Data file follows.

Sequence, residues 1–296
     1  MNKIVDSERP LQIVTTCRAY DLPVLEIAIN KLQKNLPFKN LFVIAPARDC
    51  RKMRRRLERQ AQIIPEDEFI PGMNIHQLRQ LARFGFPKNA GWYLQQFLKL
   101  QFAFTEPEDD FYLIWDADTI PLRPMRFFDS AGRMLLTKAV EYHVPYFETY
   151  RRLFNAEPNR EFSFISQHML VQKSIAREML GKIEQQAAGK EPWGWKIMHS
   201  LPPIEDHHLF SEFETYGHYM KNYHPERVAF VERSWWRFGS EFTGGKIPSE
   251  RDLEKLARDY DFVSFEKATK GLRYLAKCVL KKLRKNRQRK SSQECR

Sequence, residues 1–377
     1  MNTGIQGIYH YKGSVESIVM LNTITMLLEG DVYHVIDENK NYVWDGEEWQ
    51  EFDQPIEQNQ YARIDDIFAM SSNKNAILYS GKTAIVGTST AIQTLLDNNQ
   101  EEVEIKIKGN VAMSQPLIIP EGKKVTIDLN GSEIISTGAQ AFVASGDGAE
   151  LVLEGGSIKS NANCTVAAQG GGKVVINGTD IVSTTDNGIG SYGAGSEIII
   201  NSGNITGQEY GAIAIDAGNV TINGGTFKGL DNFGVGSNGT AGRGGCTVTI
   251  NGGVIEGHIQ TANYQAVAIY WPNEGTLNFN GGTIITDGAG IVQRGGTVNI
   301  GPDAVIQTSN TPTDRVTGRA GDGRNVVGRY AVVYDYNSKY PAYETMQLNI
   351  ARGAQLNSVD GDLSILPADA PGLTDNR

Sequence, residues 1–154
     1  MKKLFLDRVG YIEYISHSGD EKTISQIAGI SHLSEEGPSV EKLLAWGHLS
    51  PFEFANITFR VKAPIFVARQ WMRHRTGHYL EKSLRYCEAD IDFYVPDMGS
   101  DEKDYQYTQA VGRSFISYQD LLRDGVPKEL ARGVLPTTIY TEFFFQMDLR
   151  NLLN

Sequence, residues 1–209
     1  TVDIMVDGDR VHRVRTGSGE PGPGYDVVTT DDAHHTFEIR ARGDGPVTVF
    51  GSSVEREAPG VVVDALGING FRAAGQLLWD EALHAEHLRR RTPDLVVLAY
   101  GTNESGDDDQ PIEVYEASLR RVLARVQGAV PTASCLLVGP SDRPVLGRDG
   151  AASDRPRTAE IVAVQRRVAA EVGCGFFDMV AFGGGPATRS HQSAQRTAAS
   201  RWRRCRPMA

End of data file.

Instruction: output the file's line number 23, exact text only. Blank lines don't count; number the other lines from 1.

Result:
     1  TVDIMVDGDR VHRVRTGSGE PGPGYDVVTT DDAHHTFEIR ARGDGPVTVF